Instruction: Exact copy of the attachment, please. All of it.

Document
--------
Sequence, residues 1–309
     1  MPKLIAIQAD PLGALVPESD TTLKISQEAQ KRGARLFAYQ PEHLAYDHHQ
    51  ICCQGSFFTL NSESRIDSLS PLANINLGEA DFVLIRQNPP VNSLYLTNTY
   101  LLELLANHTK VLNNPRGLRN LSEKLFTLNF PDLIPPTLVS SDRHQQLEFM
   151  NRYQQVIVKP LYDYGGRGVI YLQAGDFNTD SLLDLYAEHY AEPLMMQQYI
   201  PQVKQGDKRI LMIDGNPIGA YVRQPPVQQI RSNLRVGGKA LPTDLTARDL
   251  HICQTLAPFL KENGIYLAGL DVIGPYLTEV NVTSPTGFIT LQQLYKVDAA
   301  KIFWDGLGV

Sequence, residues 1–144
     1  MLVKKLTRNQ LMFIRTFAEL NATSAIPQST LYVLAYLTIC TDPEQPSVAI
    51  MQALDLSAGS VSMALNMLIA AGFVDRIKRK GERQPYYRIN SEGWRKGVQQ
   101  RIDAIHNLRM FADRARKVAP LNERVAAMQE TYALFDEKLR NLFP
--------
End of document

Sequence, residues 1–309
     1  MPKLIAIQAD PLGALVPESD TTLKISQEAQ KRGARLFAYQ PEHLAYDHHQ
    51  ICCQGSFFTL NSESRIDSLS PLANINLGEA DFVLIRQNPP VNSLYLTNTY
   101  LLELLANHTK VLNNPRGLRN LSEKLFTLNF PDLIPPTLVS SDRHQQLEFM
   151  NRYQQVIVKP LYDYGGRGVI YLQAGDFNTD SLLDLYAEHY AEPLMMQQYI
   201  PQVKQGDKRI LMIDGNPIGA YVRQPPVQQI RSNLRVGGKA LPTDLTARDL
   251  HICQTLAPFL KENGIYLAGL DVIGPYLTEV NVTSPTGFIT LQQLYKVDAA
   301  KIFWDGLGV

Sequence, residues 1–144
     1  MLVKKLTRNQ LMFIRTFAEL NATSAIPQST LYVLAYLTIC TDPEQPSVAI
    51  MQALDLSAGS VSMALNMLIA AGFVDRIKRK GERQPYYRIN SEGWRKGVQQ
   101  RIDAIHNLRM FADRARKVAP LNERVAAMQE TYALFDEKLR NLFP